On 10 November 2014, the “Building resilience through translocality. Climate change, migration and social resilience of rural communities in Thailand” (TransRe) Project launched its official website, www.transre.org. A little more than one year ago, this BMBF-supported, Uni Bonn-based research group began with the aim to offer a fresh perspective on the environment-migration nexus.
Through various mediums, including scientific articles, working papers, and social media, TransRe seeks to disseminate knowledge and engage with a wide variety of audiences, such as policymakers, practitioners, and students. The website is the next, and most important, stage in this process, as it will serve as the focal point for relevant information and research produced by the project. On the website, you will find:
An about section—which includes a brief overview of the project; in-depth descriptions of topics and sub-projects (including parts on vulnerability, social networks, international and internal migration, and governance), and information about the research sites of Thailand, Singapore, and Germany.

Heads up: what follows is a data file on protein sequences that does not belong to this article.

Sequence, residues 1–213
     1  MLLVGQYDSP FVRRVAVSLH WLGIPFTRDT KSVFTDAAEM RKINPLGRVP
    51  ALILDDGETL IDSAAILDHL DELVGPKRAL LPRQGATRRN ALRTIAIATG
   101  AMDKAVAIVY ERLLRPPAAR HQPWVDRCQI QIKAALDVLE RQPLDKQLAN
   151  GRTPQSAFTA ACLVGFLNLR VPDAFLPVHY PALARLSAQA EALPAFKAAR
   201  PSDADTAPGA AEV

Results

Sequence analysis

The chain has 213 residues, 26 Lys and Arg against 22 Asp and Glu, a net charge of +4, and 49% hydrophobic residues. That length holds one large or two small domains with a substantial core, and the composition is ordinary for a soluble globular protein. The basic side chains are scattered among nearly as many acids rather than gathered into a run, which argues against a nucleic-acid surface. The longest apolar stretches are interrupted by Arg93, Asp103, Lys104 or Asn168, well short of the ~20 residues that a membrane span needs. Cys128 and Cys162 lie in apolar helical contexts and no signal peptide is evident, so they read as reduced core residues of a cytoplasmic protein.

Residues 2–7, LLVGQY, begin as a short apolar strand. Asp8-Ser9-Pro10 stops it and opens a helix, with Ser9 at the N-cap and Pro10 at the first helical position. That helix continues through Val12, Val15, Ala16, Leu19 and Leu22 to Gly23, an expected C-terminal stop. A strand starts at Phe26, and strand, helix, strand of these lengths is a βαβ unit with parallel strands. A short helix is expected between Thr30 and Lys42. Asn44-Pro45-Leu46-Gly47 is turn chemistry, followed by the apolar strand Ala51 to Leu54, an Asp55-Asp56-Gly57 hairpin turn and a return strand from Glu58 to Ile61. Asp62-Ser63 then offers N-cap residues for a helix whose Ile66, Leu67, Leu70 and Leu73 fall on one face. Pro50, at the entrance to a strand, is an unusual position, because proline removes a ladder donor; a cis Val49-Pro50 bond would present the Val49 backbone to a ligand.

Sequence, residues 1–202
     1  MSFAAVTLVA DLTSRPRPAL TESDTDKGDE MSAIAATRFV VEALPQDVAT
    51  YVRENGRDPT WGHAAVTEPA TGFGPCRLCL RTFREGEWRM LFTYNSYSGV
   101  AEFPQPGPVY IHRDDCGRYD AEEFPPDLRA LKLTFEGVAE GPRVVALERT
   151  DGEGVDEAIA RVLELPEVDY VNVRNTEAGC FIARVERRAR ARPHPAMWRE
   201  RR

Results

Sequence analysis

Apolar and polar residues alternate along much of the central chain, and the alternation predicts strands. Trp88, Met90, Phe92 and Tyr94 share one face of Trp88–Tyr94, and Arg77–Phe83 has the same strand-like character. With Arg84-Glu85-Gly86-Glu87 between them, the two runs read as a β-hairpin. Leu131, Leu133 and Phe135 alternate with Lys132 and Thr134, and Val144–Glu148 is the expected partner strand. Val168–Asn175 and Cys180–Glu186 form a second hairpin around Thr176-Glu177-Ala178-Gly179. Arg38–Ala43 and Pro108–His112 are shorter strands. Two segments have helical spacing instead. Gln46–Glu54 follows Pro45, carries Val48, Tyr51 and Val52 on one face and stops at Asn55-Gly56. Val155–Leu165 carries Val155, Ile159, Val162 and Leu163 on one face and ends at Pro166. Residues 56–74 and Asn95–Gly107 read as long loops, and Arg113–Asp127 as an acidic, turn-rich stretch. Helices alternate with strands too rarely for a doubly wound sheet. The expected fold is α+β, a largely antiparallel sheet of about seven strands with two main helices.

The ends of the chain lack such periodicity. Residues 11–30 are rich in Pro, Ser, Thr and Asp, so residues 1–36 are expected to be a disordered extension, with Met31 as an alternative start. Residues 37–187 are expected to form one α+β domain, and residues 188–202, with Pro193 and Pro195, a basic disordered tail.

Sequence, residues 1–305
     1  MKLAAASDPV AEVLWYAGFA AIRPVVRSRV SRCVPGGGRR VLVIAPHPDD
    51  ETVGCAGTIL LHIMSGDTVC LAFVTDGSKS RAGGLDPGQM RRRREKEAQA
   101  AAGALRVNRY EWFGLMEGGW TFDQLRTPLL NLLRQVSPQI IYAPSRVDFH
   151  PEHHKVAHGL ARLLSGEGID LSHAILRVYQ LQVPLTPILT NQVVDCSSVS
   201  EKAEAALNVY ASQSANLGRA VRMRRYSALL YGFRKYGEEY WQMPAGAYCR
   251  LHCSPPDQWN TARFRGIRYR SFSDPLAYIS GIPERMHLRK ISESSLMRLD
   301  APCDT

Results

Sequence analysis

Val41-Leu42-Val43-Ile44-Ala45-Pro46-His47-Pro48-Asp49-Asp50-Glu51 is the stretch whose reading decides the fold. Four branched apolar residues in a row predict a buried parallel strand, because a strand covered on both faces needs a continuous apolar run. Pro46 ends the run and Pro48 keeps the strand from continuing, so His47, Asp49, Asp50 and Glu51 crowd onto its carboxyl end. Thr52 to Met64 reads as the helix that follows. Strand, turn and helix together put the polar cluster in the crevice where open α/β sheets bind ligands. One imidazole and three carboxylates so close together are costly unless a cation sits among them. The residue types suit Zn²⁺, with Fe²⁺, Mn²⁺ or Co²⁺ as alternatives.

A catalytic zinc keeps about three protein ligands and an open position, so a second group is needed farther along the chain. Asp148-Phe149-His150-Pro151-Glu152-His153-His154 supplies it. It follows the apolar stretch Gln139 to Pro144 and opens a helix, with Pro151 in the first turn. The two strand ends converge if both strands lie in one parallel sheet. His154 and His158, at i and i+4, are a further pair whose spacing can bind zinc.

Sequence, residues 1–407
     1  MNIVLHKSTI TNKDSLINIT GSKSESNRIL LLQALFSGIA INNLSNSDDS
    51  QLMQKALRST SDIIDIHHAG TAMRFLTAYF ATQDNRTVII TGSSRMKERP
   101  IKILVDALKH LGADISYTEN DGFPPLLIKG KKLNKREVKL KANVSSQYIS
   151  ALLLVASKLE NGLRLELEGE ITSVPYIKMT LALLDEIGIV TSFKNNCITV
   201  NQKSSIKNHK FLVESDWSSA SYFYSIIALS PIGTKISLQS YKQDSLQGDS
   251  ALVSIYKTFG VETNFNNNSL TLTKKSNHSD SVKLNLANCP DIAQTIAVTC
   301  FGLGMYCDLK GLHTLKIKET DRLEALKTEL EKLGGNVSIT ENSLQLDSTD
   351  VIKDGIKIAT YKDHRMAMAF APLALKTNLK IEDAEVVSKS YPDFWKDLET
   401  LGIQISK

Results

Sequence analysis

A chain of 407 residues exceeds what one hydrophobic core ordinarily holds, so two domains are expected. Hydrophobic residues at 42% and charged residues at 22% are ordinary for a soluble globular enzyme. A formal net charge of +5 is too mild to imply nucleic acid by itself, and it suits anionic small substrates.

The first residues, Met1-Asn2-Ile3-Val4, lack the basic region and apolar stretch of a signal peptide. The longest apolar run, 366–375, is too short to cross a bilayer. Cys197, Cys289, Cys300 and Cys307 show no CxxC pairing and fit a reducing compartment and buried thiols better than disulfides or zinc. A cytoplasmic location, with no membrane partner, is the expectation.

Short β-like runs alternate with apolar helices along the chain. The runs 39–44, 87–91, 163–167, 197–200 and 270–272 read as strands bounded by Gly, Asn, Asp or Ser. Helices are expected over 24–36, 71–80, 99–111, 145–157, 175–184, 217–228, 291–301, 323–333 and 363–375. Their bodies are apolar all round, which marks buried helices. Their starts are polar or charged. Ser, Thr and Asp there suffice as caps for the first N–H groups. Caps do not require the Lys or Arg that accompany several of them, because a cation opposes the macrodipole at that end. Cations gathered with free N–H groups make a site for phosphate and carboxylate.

Resources—along with scientific articles, which are tailored for academia, the website provides access to working papers and fact sheets in order to engage with other interested parties.
Blog—“Connecting the Spots” is the official blog of the TransRe Project, which serves as a sounding board for seemingly disparate topics ranging from migration to the environment to resilience. Its name is a nod to connecting these disparate issues, but with a geographical perspective in mind.
A section for students—the team also actively encourages students to participate in seminars, thesis writing, and assistance with research.
Although the website is meant to provide information, it is above all, a place for those interested in the environment, migration, and resilience, to engage and interact. TransRe encourages readers to submit feedback on its research and ideas for blog posts, among other things.
Source: Information by the TransRe Working Group (Department of Geography, University of Bonn) from 11.11.2014